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An increase in security checks for flights from some Middle East airports was announced by Australia, though the country stopped short of implementing the laptop ban introduced by the United States and Britain.

Britain and the US banned laptops and tablet computers in cabins on flights from some countries in the Middle East and North Africa earlier in March, citing fears of possible terrorist attacks.

“Explosive detection screening will be conducted for randomly selected passengers and their baggage. Inspections may also include a targeted screening of electronic devices,” Australian Transport Minister Darren Chester said in a statement.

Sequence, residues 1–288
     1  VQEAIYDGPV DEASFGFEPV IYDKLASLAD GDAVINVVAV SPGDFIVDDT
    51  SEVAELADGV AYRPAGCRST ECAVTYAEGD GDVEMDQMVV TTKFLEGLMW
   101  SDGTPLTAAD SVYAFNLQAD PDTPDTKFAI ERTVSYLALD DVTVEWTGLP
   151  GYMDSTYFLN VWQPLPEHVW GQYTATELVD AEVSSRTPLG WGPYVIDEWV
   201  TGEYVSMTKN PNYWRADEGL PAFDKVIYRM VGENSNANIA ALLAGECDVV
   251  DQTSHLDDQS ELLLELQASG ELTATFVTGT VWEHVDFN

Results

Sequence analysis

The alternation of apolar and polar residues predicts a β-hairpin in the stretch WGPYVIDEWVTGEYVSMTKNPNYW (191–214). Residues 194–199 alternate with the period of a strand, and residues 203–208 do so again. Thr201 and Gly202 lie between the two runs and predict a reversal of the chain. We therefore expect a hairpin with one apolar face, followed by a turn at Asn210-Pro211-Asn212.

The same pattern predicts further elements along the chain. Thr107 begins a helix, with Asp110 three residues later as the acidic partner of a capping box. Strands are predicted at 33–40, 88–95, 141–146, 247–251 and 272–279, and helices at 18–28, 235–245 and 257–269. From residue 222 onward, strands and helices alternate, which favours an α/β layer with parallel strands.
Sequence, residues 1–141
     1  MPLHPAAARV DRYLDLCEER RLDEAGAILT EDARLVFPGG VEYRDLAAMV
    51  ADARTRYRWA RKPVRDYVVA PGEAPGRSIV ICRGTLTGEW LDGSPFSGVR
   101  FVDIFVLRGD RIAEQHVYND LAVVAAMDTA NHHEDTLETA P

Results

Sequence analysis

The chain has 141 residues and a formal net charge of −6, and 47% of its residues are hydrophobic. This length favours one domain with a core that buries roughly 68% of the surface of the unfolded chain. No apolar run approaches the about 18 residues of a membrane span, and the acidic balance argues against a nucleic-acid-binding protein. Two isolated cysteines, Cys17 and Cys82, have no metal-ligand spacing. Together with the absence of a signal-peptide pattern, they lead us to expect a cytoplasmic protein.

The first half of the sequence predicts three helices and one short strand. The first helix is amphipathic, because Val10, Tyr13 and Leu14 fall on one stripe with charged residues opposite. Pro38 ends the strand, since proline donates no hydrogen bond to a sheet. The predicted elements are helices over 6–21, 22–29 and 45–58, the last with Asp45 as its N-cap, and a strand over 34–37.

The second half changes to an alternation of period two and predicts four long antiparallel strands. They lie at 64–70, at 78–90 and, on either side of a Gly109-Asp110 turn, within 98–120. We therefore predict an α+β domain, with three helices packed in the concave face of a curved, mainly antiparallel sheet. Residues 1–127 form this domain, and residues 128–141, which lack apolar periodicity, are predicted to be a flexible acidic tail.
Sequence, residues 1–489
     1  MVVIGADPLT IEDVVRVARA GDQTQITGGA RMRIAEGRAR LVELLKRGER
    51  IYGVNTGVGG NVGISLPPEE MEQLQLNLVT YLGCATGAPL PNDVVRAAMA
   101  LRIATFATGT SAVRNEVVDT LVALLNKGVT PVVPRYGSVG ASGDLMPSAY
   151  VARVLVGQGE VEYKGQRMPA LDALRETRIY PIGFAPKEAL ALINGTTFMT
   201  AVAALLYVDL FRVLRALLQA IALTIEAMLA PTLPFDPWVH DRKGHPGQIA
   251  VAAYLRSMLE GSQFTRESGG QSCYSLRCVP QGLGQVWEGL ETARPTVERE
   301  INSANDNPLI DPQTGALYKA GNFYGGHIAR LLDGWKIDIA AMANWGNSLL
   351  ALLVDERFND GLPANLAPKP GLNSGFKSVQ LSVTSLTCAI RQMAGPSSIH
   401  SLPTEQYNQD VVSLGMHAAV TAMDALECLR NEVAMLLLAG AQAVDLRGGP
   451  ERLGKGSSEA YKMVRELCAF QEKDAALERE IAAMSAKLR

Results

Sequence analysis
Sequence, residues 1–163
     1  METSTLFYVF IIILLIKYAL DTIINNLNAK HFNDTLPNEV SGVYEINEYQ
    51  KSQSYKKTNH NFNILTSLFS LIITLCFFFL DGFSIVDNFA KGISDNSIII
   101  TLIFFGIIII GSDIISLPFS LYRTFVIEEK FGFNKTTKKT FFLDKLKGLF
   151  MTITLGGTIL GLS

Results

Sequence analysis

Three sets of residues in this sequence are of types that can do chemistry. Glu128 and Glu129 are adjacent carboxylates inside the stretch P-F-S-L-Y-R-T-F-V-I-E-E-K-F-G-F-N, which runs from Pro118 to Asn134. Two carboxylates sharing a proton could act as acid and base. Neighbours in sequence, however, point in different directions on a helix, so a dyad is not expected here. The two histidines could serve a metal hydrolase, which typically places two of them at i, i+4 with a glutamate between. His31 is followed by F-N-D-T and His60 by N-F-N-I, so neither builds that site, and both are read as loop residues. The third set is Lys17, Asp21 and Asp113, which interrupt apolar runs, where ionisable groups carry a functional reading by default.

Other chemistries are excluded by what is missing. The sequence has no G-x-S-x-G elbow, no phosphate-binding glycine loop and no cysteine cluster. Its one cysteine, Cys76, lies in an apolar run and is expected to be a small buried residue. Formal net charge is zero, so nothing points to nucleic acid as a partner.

“Our changes are in line with the UK, which recently announced that people traveling from certain destinations will be subject to random explosive trace detection screening. There is no ban on the carriage of electronic devices on flights to Australia at this stage.”

According to the New Indian Express’ report, the increased security checks will hit passengers flying directly to Australia from Doha, Abu Dhabi and Dubai.

US officials said their measure was intended to thwart possible attacks on airliners with small explosive devices hidden in consumer electronics.

Alexandre de Juniac, director-general of the International Air Transport Association, said the American and British bans were not sustainable.

“Even in the short term, it is difficult to understand their effectiveness. And the commercial distortions they create are severe,” he said in a speech in Canada.

The US ban affects nine airlines from eight countries — Turkey, Morocco, Jordan, Egypt, the United Arab Emirates, Qatar, Saudi Arabia and Kuwait.

The British ban targets flights out of Egypt, Turkey, Jordan, Saudi Arabia, Tunisia, and Lebanon.